So would you say that her other comment — that women reading Playboy feels a little like a Jew reading a Nazi manual — is just an expression of her animus toward men?

Oh Lord, how many times is Gloria Steinem going to play the Nazi card? What she said about me in the 1990s was: "Her calling herself a feminist is sort of like a Nazi saying he’s not anti-Semitic.” That’s the simplistic level of Steinem's thinking!

Gloria Steinem, Susan Faludi, all of those relentlessly ideological feminists are people who have wandered away from traditional religion and made a certain rabid type of feminist rhetoric their religion. And their fanaticism has poisoned the public image of feminism and driven ordinary, mainstream citizens away from feminism. It’s outrageous.

[...]

But aside from that, Steinem is basically a socialite who always hid her early dependence on men in the social scene in New York. And as a Democrat, I also blame her for having turned feminism into a covert adjunct of the Democratic party. I have always felt that feminism should transcend party politics and be a big tent welcoming women of faith and of all views into it. Also, I hold against Steinem her utter, shameless hypocrisy during the Bill Clinton scandal. After promoting sexual harassment guidelines, which I had also supported since the 1980s, Steinem waved away one of the worst cases of sexual harassment violation that can ever be imagined — the gigantic gap of power between the President of the United States and an intern! All of a sudden, oh, no, it was all fine, it was “private.” What rubbish! That hypocrisy by partisan feminist leaders really destroyed feminism for a long time. So now feminism has rebounded, but unfortunately it's a particularly virulent brand of feminism that’s way too reminiscent of the MacKinnon-Dworkin sex hysteria of the 1980s.

Is there anything of lasting value in Hugh Hefner’s legacy?

We can see that what has completely vanished is what Hefner espoused and represented — the art of seduction, where a man, behaving in a courtly, polite and respectful manner, pursues a woman and gives her the time and the grace and the space to make a decision of consent or not. Hefner’s passing makes one remember an era when a man would ask a woman on a real date — inviting her to his apartment for some great music on a cutting-edge stereo system (Playboy was always talking about the best new electronics!) — and treating her to fine cocktails and a wonderful, relaxing time. Sex would emerge out of conversation and flirtation as a pleasurable mutual experience. So now when we look back at Hefner, we see a moment when there was a fleeting vision of a sophisticated sexuality that was integrated with all of our other aesthetic and sensory responses.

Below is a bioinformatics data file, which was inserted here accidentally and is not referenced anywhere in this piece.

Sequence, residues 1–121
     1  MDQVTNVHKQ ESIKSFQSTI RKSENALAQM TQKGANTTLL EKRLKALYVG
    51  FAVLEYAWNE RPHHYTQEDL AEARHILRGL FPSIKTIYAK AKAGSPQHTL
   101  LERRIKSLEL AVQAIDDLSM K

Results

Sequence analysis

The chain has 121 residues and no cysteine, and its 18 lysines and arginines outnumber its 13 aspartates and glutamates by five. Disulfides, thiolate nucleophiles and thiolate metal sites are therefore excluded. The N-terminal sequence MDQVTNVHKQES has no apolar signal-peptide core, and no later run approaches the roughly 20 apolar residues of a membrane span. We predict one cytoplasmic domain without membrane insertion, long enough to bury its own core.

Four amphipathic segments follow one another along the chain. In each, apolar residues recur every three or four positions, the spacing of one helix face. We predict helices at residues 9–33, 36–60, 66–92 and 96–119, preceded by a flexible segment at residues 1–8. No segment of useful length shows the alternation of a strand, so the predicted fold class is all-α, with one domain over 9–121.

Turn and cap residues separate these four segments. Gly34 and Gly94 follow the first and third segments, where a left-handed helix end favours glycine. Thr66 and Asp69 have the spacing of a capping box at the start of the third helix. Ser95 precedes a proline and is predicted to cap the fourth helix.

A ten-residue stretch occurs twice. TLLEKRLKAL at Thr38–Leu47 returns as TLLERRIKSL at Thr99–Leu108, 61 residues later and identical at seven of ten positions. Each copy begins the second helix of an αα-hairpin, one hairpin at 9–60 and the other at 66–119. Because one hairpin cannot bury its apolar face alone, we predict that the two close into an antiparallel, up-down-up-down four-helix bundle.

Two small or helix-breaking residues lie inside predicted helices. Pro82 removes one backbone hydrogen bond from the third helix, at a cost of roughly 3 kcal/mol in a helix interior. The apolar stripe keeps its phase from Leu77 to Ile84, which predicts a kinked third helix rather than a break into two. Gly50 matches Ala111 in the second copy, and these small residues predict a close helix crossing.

[...]

This may be one reason for the ferocious pressure by so many current feminists to reinforce the Stalinist mechanisms, the pernicious PC rules that have invaded colleges everywhere. Feminists want supervision and surveillance of dating life on campus to punish men if something goes wrong and the girl doesn't like what happened. I am very concerned that what young women are saying through this strident feminist rhetoric is that they feel incapable of conducting independent sex lives. They require adult intrusion and supervision and penalizing of men who go astray. But if feminism means anything, it should be encouraging young women to take control of every aspect of their sex lives, including their own impulses, conflicts and disappointments. That's what's tragic about all this. Young women don't seem to realize that in demanding adult inquiry into and adjudication of their sex lives, they are forfeiting their own freedom and agency.

Young women are being taught that men have all the power and have used it throughout history to oppress women. Women don't seem to realize how much power they have to crush men! Strong women have always known how to control men.

[...]

There are all kinds of complex currents in men’s relationship to women that feminism refuses to acknowledge. The main one is men’s often very unstable or ambivalent relationship with their mothers. That's what I see in Hefner's notorious lifestyle in the Playboy Mansion, where he stayed and worked in his bedroom all day long, dressed in pajamas and a robe. It's a blatant regression to the womb world exactly as Elvis Presley evidently desired. Elvis’s wife Priscilla complained that all he wanted to do was stay in his bedroom all day long in the dark, watching TV and having hamburgers brought in. There was a strange kind of craving there for maternal nurturance. I think feminism is wildly wrong when it portrays men as the oppressor, when in fact men, as I have argued in my books, are always struggling for identity against the enormous power of women.

[...]

When we worship beauty, we are worshipping life itself.
GrundleStiltzkinYellowSnow

Comments

Sign In or Register to comment.